Madness Beyond Marble
Agra for me, is a place of madness. First it’s maddening just getting there. Then, vendors and touts accost you at every step – driving you quite crazy. But mainly, Agra is a place of madness because of its history and legends.
The Taj Mahal forces you to understand “madness” and “reason” and how they may function in absolute tandem. On one hand, the Taj is a magnificent feat of human architectural achievement – perfect in geometry and symmetry. On the other, to have come up with a proposition like the Taj, is the epitome of rash, impulsive aspirations and the excesses of life.
Shah Jahan built the Taj at a point in time when the Mughal Empire couldn’t really afford such grand spending. It took twenty-two years and the combined labour of over twenty thousand master craftsmen to erect this tomb. He had it built as an immortal testament of his love, for he truly loved his Begum. He called her Mumtaz Mahal (the Distinguished of the Palace). Anjuman Banu (her real name) bore him fourteen children in eighteen years and died at just 39, during childbirth. Thus goes the legendary story of love.
Rabindranath Tagore has exalted the Taj calling it a “teardrop to glisten spotlessly on the cheek of time.” Others are often disappointed with Agra and the Taj. Aldous Huxley, found it gaudy and wondered, “I am always uncomfortable when I find myself unable to admire something which all the rest of the world admires. Is it the world’s taste that is bad, or is it mine?” Considering where Huxley was coming from, his judgement wasn’t unexpected – British pragmatism and logical positivism did not see beauty different from utility.
The first time I visited the Taj, like other tourists, I missed the point and returned within a day with a miniature marble Taj purchased from haggling touts. Then, pouring through history books, I discovered that Agra wasn’t just about the Taj or Shah Jahan, it’s also about Babur. And about Akbar’s new found capital at Fatehpur Sikri, and the Agra Fort. I went to Agra again, for more than the Taj. For the history and glory that pervades every monument and space. I went to figure out what happened before and after that famous love story.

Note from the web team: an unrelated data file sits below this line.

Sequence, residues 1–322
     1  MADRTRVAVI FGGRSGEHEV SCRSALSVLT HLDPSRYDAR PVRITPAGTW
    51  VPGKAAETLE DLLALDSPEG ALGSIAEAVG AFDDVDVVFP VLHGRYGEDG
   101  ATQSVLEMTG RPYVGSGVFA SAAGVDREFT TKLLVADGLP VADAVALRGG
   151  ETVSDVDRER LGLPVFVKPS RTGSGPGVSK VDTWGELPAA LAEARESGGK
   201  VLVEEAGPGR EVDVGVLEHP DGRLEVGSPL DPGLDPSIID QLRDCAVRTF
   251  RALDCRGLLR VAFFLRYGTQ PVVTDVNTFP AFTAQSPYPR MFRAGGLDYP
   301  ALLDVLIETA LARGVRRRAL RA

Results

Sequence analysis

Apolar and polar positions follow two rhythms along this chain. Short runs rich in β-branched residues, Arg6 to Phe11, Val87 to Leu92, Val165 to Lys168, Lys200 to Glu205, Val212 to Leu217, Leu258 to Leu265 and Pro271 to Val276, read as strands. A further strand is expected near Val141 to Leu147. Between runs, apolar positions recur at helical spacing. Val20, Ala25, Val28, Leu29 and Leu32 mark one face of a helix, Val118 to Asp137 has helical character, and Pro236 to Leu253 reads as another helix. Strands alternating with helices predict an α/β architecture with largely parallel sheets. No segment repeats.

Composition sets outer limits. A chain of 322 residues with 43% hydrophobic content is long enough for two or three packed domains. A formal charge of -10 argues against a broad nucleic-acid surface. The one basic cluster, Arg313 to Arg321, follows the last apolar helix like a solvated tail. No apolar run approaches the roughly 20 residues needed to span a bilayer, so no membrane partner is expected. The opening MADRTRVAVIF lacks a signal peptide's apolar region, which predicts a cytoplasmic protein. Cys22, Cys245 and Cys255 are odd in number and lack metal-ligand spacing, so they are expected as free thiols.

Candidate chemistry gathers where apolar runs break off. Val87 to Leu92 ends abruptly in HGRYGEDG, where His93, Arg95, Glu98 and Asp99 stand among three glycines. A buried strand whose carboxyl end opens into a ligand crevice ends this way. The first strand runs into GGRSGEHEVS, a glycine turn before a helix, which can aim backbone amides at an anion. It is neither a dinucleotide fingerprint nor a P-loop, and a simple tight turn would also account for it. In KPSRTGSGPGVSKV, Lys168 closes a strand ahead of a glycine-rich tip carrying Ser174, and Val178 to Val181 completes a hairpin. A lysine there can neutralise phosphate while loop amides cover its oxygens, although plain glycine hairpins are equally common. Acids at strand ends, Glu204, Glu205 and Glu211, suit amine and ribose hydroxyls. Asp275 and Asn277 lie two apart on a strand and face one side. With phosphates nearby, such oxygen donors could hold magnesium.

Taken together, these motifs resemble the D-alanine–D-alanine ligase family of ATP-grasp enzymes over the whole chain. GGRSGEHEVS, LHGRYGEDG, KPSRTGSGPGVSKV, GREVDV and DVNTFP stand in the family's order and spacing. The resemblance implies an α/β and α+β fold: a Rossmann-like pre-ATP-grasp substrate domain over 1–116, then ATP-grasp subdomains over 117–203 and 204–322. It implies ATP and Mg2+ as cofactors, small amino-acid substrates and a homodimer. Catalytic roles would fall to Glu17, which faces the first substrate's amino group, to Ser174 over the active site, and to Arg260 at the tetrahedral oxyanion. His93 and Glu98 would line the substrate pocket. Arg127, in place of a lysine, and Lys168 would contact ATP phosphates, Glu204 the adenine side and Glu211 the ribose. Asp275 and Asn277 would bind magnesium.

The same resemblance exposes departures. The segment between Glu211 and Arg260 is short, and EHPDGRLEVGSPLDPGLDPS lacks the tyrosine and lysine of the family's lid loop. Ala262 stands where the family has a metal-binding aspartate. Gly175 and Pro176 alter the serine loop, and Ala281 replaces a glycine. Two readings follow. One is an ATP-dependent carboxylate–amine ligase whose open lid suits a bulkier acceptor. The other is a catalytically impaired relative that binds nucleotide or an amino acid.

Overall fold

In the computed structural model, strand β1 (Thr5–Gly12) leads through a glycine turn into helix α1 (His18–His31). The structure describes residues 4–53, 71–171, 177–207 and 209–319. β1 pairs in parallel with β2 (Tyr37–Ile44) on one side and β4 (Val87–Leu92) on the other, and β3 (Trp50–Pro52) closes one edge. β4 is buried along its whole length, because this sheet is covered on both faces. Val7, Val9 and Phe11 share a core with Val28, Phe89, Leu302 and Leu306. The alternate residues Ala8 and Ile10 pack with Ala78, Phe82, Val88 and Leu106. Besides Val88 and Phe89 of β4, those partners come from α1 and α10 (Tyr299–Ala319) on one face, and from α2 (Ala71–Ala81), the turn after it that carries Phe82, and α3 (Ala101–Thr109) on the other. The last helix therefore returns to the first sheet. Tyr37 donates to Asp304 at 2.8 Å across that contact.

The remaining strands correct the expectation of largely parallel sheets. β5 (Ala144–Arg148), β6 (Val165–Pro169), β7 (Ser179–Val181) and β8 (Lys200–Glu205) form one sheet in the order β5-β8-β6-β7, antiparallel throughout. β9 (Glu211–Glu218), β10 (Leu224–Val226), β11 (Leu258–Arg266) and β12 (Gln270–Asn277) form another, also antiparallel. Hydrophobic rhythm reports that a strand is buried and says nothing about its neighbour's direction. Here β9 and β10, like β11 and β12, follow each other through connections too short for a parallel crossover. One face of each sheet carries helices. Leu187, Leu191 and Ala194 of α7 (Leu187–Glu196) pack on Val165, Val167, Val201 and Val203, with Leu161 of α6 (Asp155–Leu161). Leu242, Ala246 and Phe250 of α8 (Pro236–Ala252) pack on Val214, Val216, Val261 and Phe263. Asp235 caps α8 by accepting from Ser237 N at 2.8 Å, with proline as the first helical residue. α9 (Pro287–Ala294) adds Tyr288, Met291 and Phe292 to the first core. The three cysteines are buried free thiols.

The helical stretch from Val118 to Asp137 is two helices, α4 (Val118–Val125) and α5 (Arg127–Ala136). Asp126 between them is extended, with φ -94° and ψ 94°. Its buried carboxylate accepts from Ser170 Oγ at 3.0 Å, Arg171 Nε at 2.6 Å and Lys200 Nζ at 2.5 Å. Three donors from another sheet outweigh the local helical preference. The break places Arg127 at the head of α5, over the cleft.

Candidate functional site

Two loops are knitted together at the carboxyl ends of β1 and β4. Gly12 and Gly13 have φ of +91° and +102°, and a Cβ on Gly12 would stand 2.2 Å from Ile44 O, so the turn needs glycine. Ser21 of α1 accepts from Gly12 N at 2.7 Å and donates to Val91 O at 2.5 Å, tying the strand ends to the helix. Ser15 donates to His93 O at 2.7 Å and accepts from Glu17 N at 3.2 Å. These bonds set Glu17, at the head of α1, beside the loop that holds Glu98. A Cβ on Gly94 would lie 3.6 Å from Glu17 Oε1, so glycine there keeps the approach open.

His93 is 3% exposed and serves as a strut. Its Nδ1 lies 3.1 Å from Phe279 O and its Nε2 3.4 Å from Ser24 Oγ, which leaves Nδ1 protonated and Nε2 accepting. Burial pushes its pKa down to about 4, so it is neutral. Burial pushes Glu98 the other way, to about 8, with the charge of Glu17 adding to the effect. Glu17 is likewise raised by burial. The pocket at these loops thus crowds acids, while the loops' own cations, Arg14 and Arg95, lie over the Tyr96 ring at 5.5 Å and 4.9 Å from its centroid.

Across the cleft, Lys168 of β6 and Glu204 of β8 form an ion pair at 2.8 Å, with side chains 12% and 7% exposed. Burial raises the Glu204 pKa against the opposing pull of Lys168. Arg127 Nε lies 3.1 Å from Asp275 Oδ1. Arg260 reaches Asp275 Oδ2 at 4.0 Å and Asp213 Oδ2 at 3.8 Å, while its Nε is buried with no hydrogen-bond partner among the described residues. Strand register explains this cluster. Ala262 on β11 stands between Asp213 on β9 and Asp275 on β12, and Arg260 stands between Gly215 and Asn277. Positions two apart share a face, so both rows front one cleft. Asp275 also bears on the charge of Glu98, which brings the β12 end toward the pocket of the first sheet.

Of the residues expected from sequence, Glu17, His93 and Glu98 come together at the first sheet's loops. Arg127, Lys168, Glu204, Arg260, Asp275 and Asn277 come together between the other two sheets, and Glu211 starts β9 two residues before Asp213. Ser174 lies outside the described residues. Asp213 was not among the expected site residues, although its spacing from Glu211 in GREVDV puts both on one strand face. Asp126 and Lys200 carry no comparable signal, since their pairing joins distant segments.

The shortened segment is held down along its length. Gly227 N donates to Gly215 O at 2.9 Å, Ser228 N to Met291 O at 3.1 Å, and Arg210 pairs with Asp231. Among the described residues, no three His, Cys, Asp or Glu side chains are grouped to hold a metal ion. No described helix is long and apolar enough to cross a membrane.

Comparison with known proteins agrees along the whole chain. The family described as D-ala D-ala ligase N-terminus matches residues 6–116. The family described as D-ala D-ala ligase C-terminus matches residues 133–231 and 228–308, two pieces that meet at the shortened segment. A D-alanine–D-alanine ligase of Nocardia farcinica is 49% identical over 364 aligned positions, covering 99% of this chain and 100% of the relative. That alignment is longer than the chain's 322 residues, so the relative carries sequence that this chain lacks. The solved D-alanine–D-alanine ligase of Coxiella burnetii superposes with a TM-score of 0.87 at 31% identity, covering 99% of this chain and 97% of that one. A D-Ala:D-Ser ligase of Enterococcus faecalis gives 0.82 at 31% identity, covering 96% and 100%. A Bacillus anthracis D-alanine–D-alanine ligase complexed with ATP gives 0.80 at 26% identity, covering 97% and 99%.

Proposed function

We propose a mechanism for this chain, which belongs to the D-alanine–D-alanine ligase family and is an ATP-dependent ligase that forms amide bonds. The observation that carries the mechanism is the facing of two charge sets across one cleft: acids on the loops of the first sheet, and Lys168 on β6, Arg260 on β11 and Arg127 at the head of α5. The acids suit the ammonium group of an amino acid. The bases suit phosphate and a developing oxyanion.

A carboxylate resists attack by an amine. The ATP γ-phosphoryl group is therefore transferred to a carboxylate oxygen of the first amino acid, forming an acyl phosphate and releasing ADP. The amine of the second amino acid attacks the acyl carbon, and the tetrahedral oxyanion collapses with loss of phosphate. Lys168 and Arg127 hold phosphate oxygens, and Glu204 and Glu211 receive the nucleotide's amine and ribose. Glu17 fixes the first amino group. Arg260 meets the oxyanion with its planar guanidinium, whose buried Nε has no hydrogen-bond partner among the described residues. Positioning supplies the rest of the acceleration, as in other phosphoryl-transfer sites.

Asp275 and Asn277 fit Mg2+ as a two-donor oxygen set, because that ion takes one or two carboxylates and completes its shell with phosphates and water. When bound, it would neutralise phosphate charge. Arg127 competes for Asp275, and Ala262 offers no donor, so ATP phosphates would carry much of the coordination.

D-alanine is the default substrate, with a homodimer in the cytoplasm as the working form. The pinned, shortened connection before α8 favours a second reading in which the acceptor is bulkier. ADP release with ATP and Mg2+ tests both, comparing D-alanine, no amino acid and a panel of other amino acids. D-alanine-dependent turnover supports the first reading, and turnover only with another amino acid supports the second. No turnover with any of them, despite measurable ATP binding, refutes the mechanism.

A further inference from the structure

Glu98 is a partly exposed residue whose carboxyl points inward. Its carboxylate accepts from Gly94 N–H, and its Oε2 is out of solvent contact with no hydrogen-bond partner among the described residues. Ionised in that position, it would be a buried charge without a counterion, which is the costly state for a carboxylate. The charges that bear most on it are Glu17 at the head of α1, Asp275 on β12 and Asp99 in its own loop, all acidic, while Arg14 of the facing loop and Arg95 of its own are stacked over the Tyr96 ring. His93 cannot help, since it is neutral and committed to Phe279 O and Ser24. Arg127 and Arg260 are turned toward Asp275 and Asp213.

The Agra Fort I realised, should be a must-see on any traveller’s list, since most of the events which led to the construction of the Taj took place there. Also not to be missed are the Diwan-I-Am and Diwan-I-Khas.
Agra is also about the Mussaman Burj (the Octagonal Tower) where Shah Jahan died after seven years of imprisonment. Another great legend is built around this spot. Of Shah Jahan spending his last years gazing at the reflection of his wife’s tomb in a mirror. Contrary to this legend, some history books record that he hardly missed his wife at all. One travel guide goes so far to say “he was a lascivious old bastard and plenty of women were supplied to satisfy his desires.”
Exploring Jehangir’s palace is another Agra must-see. Akbar is said to have built this palace for his son. True to Akbar’s eclectic philosophy, the palace is an enticing blend of Hindu and Central Asian architectural styles. I particularly enjoyed the gentle serenity of the Itimad-ud-Daulah (pillar of government) on the opposite bank of the Yamuna. It’s sometimes called the “baby Taj” because of its size and is mostly ignored by tourists. Before and after Shah Jahan, there were other passionate rulers. The story of the Mughals begins with Zahir-ud-din Muhammed, who we know as Babur, the tiger. Babur’s contribution to Agra is the Ram Bagh, the earliest Mughal garden. It is argued that Babur was first buried here before being permanently interred in Kabul, Afghanistan.
In today’s Agra, I see one more issue of madness. Pollution and rising sulphur dioxide levels – over five times beyond the monument’s tolerable limits – slowly take their toll on this icon of India. It is madness to allow this to happen. While I appreciate the fact that it’s still there for me to get a glimpse of, it is maddening to think that time may be running out for this most wonderfully mad expression of love.